November 1, 2009

I can draw only one of two conclusions: Either the Obama administration's economic advisers and their Congressional enablers are as dumb as a box of hammers and completely oblivious to the history of the first Great Depression, or they do know and are gambling with the nation's economy anyway - because they're afraid the Republicans might draw blood in the next election cycle:

WASHINGTON — Faced with anxiety in financial markets about the huge federal deficit and the potential for it to become an electoral liability for Democrats, the White House and Congressional leaders are weighing options for narrowing the gap, including a bipartisan commission that could force tax increases and spending cuts.

But even the idea of a panel to bridge the partisan divide has run into partisan objections. Many Democrats, including in the White House, are loath to cede such far-reaching decisions to a commission and doubt Republicans’ willingness to compromise. And most Republicans remain adamantly opposed to tax increases, leaving the prospects for any bipartisan approach limited at best.

The proponents, however, are pressing for a Senate vote this month. “If we have the same process and the same people, we are going to get the same results,” said Senator Evan Bayh, Democrat of Indiana, who recently met with Mr. Obama to discuss the idea. “The Democratic Party wants to spend more than we can afford, the Republican Party tends to want to cut taxes more than we can afford. So we are stuck.”

And of course, the grandstanding Mr. Bayh is the man who loves to agree with the Republicans.

Concerns about the deficit are building even as the White House and Congress continue to add to it with tax cuts and spending to stimulate a still-fragile economy. Yet those one-time costs do not trouble most economists and market analysts.

The main driver of long-term deficits is the chasm between the benefit programs Medicare and Medicaid, which are growing faster than the economy, and federal tax collections, which are at one of their lowest levels in many decades relative to the size of the economy.

Mr. Obama’s budget director, Peter R. Orszag, now at work on the president’s next budget, due in February for the 2011 fiscal year, declined to comment about a bipartisan commission and instead promised that the coming budget would propose additional ways to reduce the deficit beyond next year, when the economy is fully recovered.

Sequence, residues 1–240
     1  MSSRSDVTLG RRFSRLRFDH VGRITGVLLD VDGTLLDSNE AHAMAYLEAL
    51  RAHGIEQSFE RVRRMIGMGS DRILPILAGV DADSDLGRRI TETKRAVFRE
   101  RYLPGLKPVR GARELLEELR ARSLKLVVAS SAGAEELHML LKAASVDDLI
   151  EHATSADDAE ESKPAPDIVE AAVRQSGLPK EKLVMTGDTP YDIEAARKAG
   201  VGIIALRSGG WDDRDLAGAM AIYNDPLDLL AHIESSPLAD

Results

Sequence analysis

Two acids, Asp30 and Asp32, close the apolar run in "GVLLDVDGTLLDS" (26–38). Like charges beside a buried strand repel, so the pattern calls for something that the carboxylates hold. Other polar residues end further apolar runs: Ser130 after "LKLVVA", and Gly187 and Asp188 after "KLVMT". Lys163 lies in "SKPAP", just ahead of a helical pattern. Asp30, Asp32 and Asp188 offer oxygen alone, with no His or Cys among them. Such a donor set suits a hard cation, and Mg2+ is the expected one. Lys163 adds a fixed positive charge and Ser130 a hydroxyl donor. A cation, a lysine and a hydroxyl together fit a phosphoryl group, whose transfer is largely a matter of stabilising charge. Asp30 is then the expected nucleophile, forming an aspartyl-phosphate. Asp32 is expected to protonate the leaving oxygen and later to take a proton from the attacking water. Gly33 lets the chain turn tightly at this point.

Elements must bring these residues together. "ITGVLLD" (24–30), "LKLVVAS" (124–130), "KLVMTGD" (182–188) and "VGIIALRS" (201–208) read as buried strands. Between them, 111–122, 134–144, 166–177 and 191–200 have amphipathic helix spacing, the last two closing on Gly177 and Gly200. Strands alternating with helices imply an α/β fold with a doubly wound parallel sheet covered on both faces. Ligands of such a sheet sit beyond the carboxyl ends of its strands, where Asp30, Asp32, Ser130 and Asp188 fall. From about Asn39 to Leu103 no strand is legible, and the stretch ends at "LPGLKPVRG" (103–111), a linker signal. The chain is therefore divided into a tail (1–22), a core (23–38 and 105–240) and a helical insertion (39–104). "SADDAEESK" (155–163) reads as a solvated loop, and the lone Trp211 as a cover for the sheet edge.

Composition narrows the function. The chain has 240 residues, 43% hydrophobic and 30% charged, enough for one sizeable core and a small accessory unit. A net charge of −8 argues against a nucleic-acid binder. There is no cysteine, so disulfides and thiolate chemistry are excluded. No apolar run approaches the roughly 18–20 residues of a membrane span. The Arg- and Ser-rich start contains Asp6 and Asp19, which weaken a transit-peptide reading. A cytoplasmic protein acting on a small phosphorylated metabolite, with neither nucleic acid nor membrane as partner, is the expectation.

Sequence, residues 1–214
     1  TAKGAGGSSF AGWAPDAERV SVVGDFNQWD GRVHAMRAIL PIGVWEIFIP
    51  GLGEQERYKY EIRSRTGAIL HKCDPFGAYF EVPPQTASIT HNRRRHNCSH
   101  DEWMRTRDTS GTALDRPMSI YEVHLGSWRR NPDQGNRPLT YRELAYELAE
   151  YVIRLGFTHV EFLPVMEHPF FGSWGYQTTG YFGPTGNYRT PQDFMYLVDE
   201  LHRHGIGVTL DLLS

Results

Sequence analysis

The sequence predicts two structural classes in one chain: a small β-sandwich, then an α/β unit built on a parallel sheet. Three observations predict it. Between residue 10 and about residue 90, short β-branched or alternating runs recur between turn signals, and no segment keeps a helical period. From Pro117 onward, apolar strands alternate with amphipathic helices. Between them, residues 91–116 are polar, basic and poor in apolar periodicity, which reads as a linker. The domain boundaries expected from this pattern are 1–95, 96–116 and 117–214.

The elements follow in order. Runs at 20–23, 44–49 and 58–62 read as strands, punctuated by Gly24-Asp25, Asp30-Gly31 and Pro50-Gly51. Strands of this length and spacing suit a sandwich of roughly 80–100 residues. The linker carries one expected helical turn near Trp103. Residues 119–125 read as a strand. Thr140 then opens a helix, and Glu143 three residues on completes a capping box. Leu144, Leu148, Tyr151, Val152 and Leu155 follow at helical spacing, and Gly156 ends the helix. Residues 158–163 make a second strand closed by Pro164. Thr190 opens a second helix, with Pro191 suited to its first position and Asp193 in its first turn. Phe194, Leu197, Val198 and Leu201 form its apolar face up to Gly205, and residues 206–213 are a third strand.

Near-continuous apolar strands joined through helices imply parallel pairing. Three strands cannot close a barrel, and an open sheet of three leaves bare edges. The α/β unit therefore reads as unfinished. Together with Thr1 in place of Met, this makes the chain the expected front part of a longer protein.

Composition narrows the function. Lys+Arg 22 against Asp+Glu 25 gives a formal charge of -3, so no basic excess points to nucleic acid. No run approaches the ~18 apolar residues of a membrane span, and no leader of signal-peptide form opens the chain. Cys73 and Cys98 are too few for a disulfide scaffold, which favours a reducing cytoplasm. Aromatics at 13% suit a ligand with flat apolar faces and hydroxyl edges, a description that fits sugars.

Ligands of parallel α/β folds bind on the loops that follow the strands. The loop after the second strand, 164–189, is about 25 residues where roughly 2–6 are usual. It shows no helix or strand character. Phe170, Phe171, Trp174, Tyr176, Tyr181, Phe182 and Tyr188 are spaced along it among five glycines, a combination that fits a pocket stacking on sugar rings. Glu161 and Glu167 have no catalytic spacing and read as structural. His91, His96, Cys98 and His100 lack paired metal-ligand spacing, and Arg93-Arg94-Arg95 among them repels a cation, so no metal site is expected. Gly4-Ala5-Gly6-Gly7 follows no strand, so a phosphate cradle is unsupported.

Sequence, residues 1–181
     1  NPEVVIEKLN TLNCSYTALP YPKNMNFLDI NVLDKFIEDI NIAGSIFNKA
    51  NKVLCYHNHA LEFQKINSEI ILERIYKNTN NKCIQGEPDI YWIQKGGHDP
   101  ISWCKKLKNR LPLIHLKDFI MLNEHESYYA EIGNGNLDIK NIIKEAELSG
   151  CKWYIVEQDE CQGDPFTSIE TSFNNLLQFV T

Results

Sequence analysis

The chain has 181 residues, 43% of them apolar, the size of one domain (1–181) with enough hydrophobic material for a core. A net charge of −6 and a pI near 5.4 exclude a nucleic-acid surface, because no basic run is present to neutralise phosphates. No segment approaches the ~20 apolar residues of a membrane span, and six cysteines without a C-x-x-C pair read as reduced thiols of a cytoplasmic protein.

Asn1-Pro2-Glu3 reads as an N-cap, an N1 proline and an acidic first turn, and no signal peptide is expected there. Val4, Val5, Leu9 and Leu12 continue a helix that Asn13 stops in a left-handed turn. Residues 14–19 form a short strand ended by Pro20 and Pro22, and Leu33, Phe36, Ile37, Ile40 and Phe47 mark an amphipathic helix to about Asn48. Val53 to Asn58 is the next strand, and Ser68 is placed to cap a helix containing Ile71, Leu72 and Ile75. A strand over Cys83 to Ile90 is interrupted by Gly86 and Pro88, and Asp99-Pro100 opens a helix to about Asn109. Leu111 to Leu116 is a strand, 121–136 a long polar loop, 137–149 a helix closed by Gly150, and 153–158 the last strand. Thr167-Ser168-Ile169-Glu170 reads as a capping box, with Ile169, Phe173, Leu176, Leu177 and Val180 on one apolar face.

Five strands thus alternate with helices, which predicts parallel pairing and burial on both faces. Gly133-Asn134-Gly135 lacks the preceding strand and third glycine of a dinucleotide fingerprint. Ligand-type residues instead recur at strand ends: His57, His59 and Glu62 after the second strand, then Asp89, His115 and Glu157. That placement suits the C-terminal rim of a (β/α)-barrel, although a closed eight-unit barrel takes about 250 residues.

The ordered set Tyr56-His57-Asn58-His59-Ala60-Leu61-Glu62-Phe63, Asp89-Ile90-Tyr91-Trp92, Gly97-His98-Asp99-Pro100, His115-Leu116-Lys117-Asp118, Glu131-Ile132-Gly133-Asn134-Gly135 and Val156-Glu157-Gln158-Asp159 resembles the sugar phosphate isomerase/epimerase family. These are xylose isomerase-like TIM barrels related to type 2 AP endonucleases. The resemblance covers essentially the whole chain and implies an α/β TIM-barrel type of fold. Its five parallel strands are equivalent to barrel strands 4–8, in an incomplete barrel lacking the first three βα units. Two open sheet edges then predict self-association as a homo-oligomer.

Paul Krugman referred us to this just the other day:

Matt Yglesias makes a good point:

A lot of politicians and political operatives in DC are very impressed by polling that shows people concerned about the budget deficit. I think it would be really politically insane for people to take that too literally. If congress makes the deficit even bigger in a way that helps spur recovery, then come election day people will notice the recovery and be happy. If, by contrast, the labor market is still a disaster then people will be pissed off. It’s true that they might say they’re pissed off at the deficit, but the underlying source of anger is the objective bad conditions.

But the political argument against focusing on the deficit is even stronger than he realizes — because there are very good odds that even if Obama exhibited iron fiscal discipline, voters wouldn’t notice. There’s a remarkable, depressing paper by Achen and Bartels that includes an analysis of voter views of the deficit in 1996 — by which time the huge deficit that Bill Clinton inherited had been drastically reduced.

Here’s what voters thought they knew... Yep: after one of the biggest moves toward budget balance in history, a majority of Republicans, and a plurality of all voters, believed that deficits had increased.

Not to put too fine a point on it: if Obama succeeded in reducing the deficit, would Fox News or the Washington Times report it?

The truth is that the truth about budgets plays almost no role in real politics. Right now, Meg Whitman is campaigning for Governor of California on the claim that state spending has exploded over the last decade — when the fact is that it has fallen drastically in real per capita terms. Will she pay a price for this? Probably not.

So if I were a politician, I’d focus on providing real improvements in peoples’ lives, rather than seeking deficit reductions the public won’t even hear about.

Not to mention that in 1937, when FDR, under pressure from the Blue Dogs of his time, cut taxes and spending, it deepened and prolonged the Depression by driving unemployment back into double digits - and led to a major defeat in the 1938 mid-terms for the Democrats.

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